“Of course, we don’t know that Gwen will even get here in time,” Cora commented.

“Or Daddy!” Louise added.

“They’ll be here,” Mrs. Farjon assured her children.

“Of course they will,” said Jerry, speaking for the first time. He, the only son who was a: awake and b: not a baby, tended to move to the corners when his sisters congregated.

There were a few moments of silence before Mrs. Farjon spoke again. “Gem, it’s time for bed.”

“You said I could stay up until Daddy and Gwen get here!” Gem protested.

“Yes, but the train must be late … or perhaps they didn’t catch it.”

“Pleeeeeeease, Mamma? I know you start talking about important stuff as soon as I go to bed! Pleeeeeeeeeeeeeease let me stay up!”

Mrs. Farjon sighed. “You can stay up a bit longer, then.”

Gwen walked across the room to Gracie and sat down next to her. “Tell me a story?”

“Gem, don’t bother your sister.”

“No, it’s all right, Mamma. Gem’s right; I should tell her a story,” Gracie agreed, always soft-hearted. “What about, Gem?”

“One of those funny ones about the stuck-up English people.”

“Now, hold it a minute! That’s not fair to Aunt Gretchen or Grandma!” Ellie protested.

“I’m sure they wouldn’t mind. Besides,” Mrs. Farjon lowered her voice, “They’re not here right now.”

A few of the girls giggled, and they all moved to sit closer to Gracie.

“Once upon a time,” said Gracie, looping an arm around Gem, “There was a young lady of the very highest of classes who lived in England.”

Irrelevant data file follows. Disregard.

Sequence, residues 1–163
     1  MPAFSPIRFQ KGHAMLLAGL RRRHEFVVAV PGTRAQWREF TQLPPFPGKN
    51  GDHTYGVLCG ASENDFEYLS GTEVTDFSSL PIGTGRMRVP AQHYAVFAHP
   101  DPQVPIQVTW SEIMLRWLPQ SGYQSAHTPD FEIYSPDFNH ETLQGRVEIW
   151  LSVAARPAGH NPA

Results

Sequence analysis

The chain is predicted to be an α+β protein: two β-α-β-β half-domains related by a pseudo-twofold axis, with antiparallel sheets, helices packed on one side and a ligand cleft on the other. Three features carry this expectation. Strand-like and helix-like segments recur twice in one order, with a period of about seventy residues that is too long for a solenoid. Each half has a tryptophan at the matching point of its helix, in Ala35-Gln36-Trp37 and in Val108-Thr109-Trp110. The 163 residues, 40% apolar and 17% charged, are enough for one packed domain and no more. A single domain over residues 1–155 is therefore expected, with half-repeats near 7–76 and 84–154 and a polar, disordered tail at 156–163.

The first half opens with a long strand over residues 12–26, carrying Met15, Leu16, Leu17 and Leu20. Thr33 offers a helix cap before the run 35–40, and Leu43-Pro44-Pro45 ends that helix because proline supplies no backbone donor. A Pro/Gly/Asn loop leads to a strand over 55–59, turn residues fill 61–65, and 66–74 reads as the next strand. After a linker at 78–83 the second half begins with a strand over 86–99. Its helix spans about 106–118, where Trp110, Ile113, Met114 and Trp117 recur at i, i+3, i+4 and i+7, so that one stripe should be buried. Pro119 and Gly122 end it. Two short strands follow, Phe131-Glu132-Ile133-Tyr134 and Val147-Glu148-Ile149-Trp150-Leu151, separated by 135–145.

“In Kent?” Gem suggested.

“Sure. Why not? She lived in Kent. Her name was … Gem.”

“No, it wasn’t!” Gem exclaimed.

“Then what was it, m’Lady Gem?”


“Anyway, Lilly was walking slowly through her gardens one beautiful autumn afternoon -“

“This isn’t any good. There’s no snooty rich people yet.”

“You know, we’re rich people,” Ellie commented.

“But we’re not snooty,” said Cora.

“Oh, very well,” said Ellie.

“… when she met a fairy.”

“Gracie, will you stop changing to fantasy?”

“Gem likes fantasy.”

“Gem specifically asked for a story about a snooty rich person. So -“

“Shh,” said Gem.

“Of course, Lady Lilly had met this fairy before. His name was -“

He is a fairy?”

“Yes. There are boy fairies, you know. His name was … Xavier. Xavier Yeoman.” Gracie grinned wickedly at Cora.

Are we still on that?” Cora demanded.

“We always will be,” said Gracie. “Now, today Xavier had something special to show Lilly.”

“Although this has nothing to do with the story you’re supposed to be telling, what was it?”